Schedule your colonoscopy today.

Colorectal cancer on the rise in young adults

Health

Colorectal cancer on the rise in young adults

Colorectal cancer is now the leading cause of cancer death for men under 50 and the second-leading cause of death for women in the same age group, according to a new study.
The new numbers from the American Cancer Society paint a startling picture of the rise of colorectal cancer. In the late 1990s, it was the fourth-leading cause of cancer death in both men and women but has now jumped to the top spot.
“Colorectal cancer is certainly becoming more prevalent in younger patients,” says Tidelands Health gastroenterologist Dr. Christopher Bach, medical director of digestive health at Tidelands Health. “The newest data confirms what we’ve been seeing. That’s one of the reasons it’s so important for people of any age, including those younger than 45, to talk to their doctor about their family history of the disease and to seek care for any suspicious symptoms they may have.”
Although experts are still seeking to better understand the causes of the trend, many experts believe that lifestyle factors such as increased obesity rates, diets high in processed foods, a lack of physical activity, nicotine consumption and increased alcohol consumption are likely contributing factors.
“The good news is that colon cancer can be prevented with routine colonoscopies,” Dr. Bach says. “The procedure is the best way to detect colon cancer early when it’s most easily and effectively treated. It is also important to discuss any sudden changes in your bowel habits with your doctor.”

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A life-saving screening

During a colonoscopy, patients are sedated while a specially trained physician inserts a thin, fiberoptic instrument with a tiny camera through the anus to allow a doctor to examine the lining of the colon and check for inflammation and precancerous polyps. The outpatient procedure typically takes about 20 minutes. It is the best colorectal screening test available. Other approaches, such as stool tests, are not as accurate as colonoscopy.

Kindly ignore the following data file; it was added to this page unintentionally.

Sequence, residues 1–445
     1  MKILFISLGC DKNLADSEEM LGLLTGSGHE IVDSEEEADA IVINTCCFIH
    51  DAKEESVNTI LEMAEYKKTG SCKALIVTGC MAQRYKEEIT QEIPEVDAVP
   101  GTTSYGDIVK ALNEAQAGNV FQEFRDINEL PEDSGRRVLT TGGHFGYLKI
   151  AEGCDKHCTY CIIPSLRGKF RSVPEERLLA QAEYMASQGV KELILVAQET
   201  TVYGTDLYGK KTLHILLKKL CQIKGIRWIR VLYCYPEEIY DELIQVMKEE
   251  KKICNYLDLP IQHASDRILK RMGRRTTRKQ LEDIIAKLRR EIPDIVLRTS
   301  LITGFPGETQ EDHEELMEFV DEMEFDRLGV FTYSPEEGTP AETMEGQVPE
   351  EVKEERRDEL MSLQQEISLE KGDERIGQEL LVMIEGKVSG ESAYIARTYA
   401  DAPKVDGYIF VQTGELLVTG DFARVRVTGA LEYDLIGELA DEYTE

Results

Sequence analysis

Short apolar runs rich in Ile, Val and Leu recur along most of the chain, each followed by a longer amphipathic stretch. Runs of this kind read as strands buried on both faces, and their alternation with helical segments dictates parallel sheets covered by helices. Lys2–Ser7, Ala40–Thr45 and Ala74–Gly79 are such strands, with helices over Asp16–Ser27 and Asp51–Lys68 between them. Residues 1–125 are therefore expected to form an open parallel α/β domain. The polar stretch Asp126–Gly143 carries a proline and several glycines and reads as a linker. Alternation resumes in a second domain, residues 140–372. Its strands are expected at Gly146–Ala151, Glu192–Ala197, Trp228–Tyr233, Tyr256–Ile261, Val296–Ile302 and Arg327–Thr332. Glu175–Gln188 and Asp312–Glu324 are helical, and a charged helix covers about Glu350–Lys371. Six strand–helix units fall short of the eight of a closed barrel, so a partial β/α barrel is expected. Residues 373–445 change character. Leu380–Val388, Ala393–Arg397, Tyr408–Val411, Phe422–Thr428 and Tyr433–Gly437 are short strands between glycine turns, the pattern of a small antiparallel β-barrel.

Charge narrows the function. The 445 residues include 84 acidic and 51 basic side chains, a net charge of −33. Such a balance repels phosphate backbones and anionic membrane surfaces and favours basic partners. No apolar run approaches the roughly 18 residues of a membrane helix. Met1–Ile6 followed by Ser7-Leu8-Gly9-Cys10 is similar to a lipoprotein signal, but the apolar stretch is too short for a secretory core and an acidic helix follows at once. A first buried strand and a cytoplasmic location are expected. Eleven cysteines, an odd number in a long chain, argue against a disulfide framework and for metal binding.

Colon cancer starts as a colon polyp. During a colonoscopy, doctors will remove any polyps they find — which eliminates the risk that the polyp will ever turn into cancer.
Colonoscopy is the “gold standard” for colon cancer detection and prevention in the U.S., Dr. Bach says: “A colonoscopy truly can save your life.”

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When to begin screening

Screening colonoscopies typically begin for average-risk Americans at the age of 45. Depending on the findings, subsequent screening intervals will be recommended by your physician. Intervals of five or 10 years are common.
People at increased risk for the disease, such as those with inflammatory bowel disease or a family history of colon cancer, should discuss individualized recommendations for colonoscopies with their care provider, including the timing of the first screening and the frequency of subsequent screenings. If you have questions about your unique circumstance, speak to your health care provider.
Sometimes patients don’t think they’re at risk for colorectal cancer because no one in their family has ever had the disease, but more than 80 percent of cases occur in someone without a family history of the illness, and colon cancer is often asymptomatic in the early stages.
According to the American Cancer Society, symptoms of colon cancer can include:

    • A change in bowel habits, such as diarrhea, constipation or narrowing of the stool that lasts for more than a few days
    • A feeling that you need to have a bowel movement that’s not relieved by having one
    • Rectal bleeding with bright red blood
    • Blood in the stool, which might make the stool look dark brown or black
    • Cramping or abdominal (belly) pain
    • Weakness and fatigue
    • Unintended weight loss

Although these symptoms can also be caused by other conditions, it’s important to seek prompt medical care to determine the cause.

Schedule a colonoscopy today

If you would like to schedule a routine colonoscopy, call 1-866-TIDELANDS to make an appointment with a provider at Tidelands Health Gastroenterology at Murrells Inlet, Tidelands Health Gastroenterology at Georgetown or Tidelands Health Gastroenterology at The Market Common.

Meet the Expert

Dr. Christopher Bach

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